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Jackie MacMullan

His response was intentional

The ball vaulted over the Coke bottles, sailing out of the night and right into morning, and with it soared the fortunes of the Red Sox, who, denied an opportunity to allow their beloved slugger, David Ortiz, to win it for them, happily laid their fortunes of this Division Series on the bat of their other basher, the bewildering, yet ultimately redoubtable slugger - the one and the only Manny Ramírez.

With Boston and Anaheim knotted in a seemingly unbreakable 3-3 tie in the ninth inning last night, Manny strode to the plate with two on and two out. Angels manager Mike Scioscia, who had decided he wanted no part of Ortiz, intentionally walked him one batter earlier, leaving Francisco Rodriguez to close out Manny.

"In that situation, that guy has gotten me out so many times," said Ramírez in a rare postgame interview. "But baseball's like that. Sometimes you get me, sometimes I get you."

And oh, did Manny get all of Rodriguez. He absolutely crushed the 1-and-0 pitch over the Wall, and he knew it immediately. As soon as the ball jumped off his bat, he dropped the lumber, raised his arms triumphantly, then stood for a moment to admire his handiwork.

After gleefully skipping around the bases, he threw off his helmet and welcomed the embrace of his teammates at home plate.

The titantic home run capped a grueling 4-hour-5-minute marathon and enabled the Red Sox to hit the road with an opportunity to sweep the battered Angels. It was a brutal way to lose a 6-3 ballgame, and the dramatic fashion in which Manny stole the spotlight bodes well for Boston's next outing. The strategy to eliminate Ortiz from the offensive equation backfired.

"That's why you have as many hitters as you can," said Sox manager Terry Francona, "so they can't pitch around people."

You wonder if Manny is motivated by such slights. He referred to himself twice as the best hitter in the game during his postgame chat, yet feigned indifference when asked if he felt extra incentive to make Scioscia pay for his perceived disrespect.

"It's just a little game he's playing," Ramírez shrugged. "But I try to be patient. Patience is the key, and confidence in myself. "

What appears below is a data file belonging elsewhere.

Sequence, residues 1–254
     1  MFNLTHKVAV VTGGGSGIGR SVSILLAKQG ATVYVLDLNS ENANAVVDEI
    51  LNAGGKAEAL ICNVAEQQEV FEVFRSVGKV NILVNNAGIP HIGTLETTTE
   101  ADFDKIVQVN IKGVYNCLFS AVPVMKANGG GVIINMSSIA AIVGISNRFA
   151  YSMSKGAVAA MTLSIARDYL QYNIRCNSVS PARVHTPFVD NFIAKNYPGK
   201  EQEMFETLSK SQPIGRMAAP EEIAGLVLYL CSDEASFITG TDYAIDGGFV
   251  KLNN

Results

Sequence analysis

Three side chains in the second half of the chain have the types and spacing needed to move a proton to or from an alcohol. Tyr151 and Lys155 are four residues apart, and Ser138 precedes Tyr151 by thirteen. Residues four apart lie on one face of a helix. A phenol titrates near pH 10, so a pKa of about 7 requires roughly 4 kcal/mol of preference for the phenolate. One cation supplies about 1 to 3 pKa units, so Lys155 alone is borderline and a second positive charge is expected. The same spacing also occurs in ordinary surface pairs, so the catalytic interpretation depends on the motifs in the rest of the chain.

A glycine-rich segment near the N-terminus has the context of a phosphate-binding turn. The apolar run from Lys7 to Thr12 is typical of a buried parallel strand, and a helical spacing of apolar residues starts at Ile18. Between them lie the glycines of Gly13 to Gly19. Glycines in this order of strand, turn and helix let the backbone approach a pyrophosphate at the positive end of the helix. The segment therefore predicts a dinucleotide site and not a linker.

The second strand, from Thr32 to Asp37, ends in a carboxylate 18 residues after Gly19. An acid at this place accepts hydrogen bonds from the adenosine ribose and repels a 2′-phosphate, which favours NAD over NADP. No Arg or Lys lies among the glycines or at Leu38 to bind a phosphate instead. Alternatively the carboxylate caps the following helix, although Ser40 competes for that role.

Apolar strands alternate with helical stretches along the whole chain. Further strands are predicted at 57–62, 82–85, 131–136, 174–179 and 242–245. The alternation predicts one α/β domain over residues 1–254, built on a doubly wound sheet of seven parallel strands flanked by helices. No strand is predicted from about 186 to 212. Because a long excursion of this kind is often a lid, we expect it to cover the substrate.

So, how did it feel to knock one out after such a long long-ball drought?

"It feels great," said a buoyant Ramírez. "It's been a long time since I've done something special like that. But I haven't been right all year long. When you don't feel good and still get hits, that's when you know you're a bad man."

Ramírez is right. It has been a long time since he's delivered a hit of that magnitude. His last home run of any kind was Aug. 28, when he went deep on the Yankees, then removed himself from the game with a strained oblique muscle that would keep him sidelined for the next 24 games. His team would struggle in his absence, limping toward the finish line with a lineup that simply wasn't as potent without him.

This was Manny's first career walkoff home run in the postseason. The last time he hit a walkoff homer of any kind was September 1996, when he was wearing the uniform of the Cleveland Indians.

Ramírez, who has chosen to keep his own counsel this season, revealed last night that it has been a physical struggle for him all year.

"Just my timing all year hasn't been right," he explained. "But man, like I said, even when I'm not right, I get hits. So you know, I just go to battle, keep preparing."

Baseball is always an adventure when Ramírez is involved, and last night was no exception. In the fifth, after Dustin Pedroia doubled, and Kevin Youkilis moved him to third, Scioscia decided to intentionally walk Ortiz, setting up Manny's first opportunity to produce in the clutch.

Instead, he fouled a ball off to the first base side that was about to settle in the glove of catcher Jeff Mathis, until a teenage fan literally grabbed it out of his mitt.

That gave Manny - and the Red Sox - new life. Ramírez waited out his own walk, and Mike Lowell followed with a sacrifice fly to tie the score.

When Manny found himself up again in the ninth after another intentional walk to Ortiz, his teammates began stirring in the dugout.

"We were all sitting there saying, 'C'mon, Manny, it's your time,' " reported Pedroia. "They keep walking David and walking David and you just know Manny is going to bite you."

In the aftermath of his heroic evening, Ramirez told TBS the clock was running out in the game (huh?) so he had to get a hit. He also said that catcher Jason Varitek instructed him to go deep with it.

"What? No, no, no, no," insisted Varitek. "I think Manny probably just wanted to get a base hit there, but he really tattooed the ball. Manny is still hitting his stride. He's only had about 30 at-bats or so since he got back. It's nice to see him swing the bat like that."

When he is right, Ramírez is arguably the best hitter in baseball. By his own admission, he hasn't been right for much of 2007. Last night, that theory was hit out of the park, over the Coke bottles and into a new chapter of Manny lore.

Jackie MacMullan is a Globe columnist. She can be reached at macmullan@globe.com.

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